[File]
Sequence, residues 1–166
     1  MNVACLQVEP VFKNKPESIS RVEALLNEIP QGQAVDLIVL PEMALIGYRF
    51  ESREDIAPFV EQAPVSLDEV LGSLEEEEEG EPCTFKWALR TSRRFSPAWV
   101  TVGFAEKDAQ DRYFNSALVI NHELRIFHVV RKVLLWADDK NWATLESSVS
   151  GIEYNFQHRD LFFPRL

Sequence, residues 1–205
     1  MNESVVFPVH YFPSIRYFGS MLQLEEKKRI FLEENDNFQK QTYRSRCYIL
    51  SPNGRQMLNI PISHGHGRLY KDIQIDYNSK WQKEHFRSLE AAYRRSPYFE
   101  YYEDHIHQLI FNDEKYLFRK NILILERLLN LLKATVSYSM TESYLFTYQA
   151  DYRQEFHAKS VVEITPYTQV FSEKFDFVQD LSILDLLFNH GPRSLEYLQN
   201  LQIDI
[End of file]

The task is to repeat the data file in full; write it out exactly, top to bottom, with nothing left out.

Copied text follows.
Sequence, residues 1–166
     1  MNVACLQVEP VFKNKPESIS RVEALLNEIP QGQAVDLIVL PEMALIGYRF
    51  ESREDIAPFV EQAPVSLDEV LGSLEEEEEG EPCTFKWALR TSRRFSPAWV
   101  TVGFAEKDAQ DRYFNSALVI NHELRIFHVV RKVLLWADDK NWATLESSVS
   151  GIEYNFQHRD LFFPRL

Sequence, residues 1–205
     1  MNESVVFPVH YFPSIRYFGS MLQLEEKKRI FLEENDNFQK QTYRSRCYIL
    51  SPNGRQMLNI PISHGHGRLY KDIQIDYNSK WQKEHFRSLE AAYRRSPYFE
   101  YYEDHIHQLI FNDEKYLFRK NILILERLLN LLKATVSYSM TESYLFTYQA
   151  DYRQEFHAKS VVEITPYTQV FSEKFDFVQD LSILDLLFNH GPRSLEYLQN
   201  LQIDI